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A Gamemaster or Game Master (often abbreviated as GM) is a player in a multiplayer game who acts as organizer, arbitrator, and officiant in rules situations.
Today, gamemaster is usually associated with role-playing games. In a role-playing game the Gamemaster's purpose is to weave the other participants' player-character stories together, control the non-player aspects of the game, and create environments in which the players can interact. The basic roles of Gamemasters - rules help, moderation, and storytelling - are the same in almost all role-playing games, although differing rulesets make the specific duties of the GM unique to that system.
History and variants of the termEdit
The term gamemaster and the role associated with it could be found in the postal gaming hobby, but was coined by the game company Flying Buffalo in the 1975 game Tunnels and Trolls. In typical play-by-mail games, players control armies or civilizations and mail their chosen actions to the GM. The GM then mails the updated game state to all players on a regular basis.
Each gaming system has its own name for the role of the gamemaster, such as "judge", "narrator", "referee", "Games Operation Designate" ("G.O.D.") or "storyteller", and these terms not only describe the role of the gamemaster in general but also help define how the game is intended to be run. For example, the Storyteller System used in White Wolf Game Studio's storytelling games calls its GM the "storyteller", while the rules- and setting-focused Marvel Super Heroes Role-Playing Game calls its GM the "judge". The cartoon inspired roleplaying game Toon calls its GM the "animator." A few games apply system- or setting-specific flavorful names to the GM, such as the Hollyhock God (Nobilis, in which the hollyhock represents vanity), or the oldest of such terms, "Dungeon Master" (or "DM") in Dungeons & Dragons.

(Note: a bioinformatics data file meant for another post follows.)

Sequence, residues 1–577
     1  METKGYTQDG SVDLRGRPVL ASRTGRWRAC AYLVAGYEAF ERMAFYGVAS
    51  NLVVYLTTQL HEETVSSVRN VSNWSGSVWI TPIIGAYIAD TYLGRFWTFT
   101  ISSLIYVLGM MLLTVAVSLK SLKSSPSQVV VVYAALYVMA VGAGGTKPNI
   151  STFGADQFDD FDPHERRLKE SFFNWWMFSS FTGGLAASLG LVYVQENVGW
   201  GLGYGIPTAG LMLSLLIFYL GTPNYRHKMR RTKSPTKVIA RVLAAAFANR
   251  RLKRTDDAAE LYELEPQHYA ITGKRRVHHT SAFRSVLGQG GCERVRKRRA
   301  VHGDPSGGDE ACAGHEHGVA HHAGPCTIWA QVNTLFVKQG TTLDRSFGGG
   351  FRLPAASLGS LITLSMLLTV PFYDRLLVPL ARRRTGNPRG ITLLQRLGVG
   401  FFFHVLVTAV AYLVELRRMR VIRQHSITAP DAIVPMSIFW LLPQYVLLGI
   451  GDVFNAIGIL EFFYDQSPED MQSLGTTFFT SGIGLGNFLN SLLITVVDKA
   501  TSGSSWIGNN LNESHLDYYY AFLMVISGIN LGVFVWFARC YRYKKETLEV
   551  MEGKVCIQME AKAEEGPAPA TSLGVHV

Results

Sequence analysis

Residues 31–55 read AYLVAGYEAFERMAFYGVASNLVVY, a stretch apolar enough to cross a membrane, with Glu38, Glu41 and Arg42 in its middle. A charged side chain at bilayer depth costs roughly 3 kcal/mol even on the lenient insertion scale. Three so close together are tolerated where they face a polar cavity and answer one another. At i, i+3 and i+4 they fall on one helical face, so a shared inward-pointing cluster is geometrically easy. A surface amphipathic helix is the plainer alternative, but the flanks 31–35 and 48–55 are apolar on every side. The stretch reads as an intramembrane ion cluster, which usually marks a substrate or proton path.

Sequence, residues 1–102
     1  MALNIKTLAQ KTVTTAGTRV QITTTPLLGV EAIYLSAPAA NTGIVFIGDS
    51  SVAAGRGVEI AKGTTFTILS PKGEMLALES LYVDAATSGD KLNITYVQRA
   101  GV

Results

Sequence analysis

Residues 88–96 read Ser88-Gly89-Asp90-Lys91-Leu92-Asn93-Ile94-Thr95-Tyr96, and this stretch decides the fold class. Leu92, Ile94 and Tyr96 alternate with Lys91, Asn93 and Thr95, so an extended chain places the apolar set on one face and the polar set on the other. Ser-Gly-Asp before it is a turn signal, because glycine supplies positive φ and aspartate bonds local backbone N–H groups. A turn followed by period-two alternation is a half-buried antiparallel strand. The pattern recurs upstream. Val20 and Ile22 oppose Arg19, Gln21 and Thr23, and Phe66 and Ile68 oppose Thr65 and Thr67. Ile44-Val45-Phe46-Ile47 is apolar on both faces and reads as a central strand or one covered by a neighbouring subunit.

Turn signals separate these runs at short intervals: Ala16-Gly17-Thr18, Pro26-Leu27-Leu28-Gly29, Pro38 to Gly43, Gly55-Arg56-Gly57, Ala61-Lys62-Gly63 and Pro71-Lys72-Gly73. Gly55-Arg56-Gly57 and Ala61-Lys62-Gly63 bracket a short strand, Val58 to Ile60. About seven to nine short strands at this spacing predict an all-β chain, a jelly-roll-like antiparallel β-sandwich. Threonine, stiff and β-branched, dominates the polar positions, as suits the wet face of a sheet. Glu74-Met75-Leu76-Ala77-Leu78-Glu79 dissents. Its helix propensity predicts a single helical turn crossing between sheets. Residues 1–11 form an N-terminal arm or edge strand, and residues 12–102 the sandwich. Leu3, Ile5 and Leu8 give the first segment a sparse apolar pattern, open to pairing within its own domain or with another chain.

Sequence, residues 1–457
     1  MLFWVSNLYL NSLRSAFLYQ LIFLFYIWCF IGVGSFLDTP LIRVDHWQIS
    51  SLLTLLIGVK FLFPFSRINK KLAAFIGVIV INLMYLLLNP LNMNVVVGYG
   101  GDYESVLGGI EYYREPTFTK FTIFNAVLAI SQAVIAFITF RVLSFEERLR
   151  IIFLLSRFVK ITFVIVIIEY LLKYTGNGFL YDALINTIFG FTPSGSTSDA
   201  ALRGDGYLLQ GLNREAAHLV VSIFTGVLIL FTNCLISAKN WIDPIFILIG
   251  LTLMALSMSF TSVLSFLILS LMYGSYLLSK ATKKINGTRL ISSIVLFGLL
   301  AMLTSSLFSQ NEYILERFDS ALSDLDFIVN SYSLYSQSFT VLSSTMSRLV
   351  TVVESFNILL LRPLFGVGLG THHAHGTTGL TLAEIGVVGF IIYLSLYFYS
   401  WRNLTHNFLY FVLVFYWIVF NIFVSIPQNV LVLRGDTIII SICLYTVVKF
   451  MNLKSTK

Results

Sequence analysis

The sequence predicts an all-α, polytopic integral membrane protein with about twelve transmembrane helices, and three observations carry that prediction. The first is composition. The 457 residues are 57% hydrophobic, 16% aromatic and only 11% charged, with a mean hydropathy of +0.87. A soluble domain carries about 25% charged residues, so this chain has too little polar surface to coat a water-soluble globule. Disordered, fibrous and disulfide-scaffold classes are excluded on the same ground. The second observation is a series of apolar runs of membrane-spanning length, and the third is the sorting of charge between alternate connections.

The gamemaster prepares the game session for the players and the characters they play (known as player characters or PCs). The GM describes the events and decides on the outcomes of players' decisions. The gamemaster also keeps track of non-player characters (NPCs) and random encounters, as well as of the general state of the game world. The game session (or "adventure") can be metaphorically described as a play, in which the players are the lead actors, and the GM provides the stage, the scenery, the basic plot on which the improvisational script is built, as well as all the bit parts and supporting characters. Gamemasters can also be in charge of RPG board games making the events and setting challenges.
GMs may choose to run a game based on a published game world, with the maps and history already in place; such game worlds often have pre-written adventures. Alternately, the GM may build their own world and script their own adventures.
A good gamemaster draws the players into the adventure, making it enjoyable for everyone. Good gamemasters have quick minds, sharp wits, and rich imaginations. Gamemasters must also maintain game balance: hideously overpowered monsters or players are no fun. It was noted back in 1997 that those who favor their left-brain such as skilled code writers usually do not make it in the ethereal gamemaster world of storytelling and verse.
Gamemasters in online gamesEdit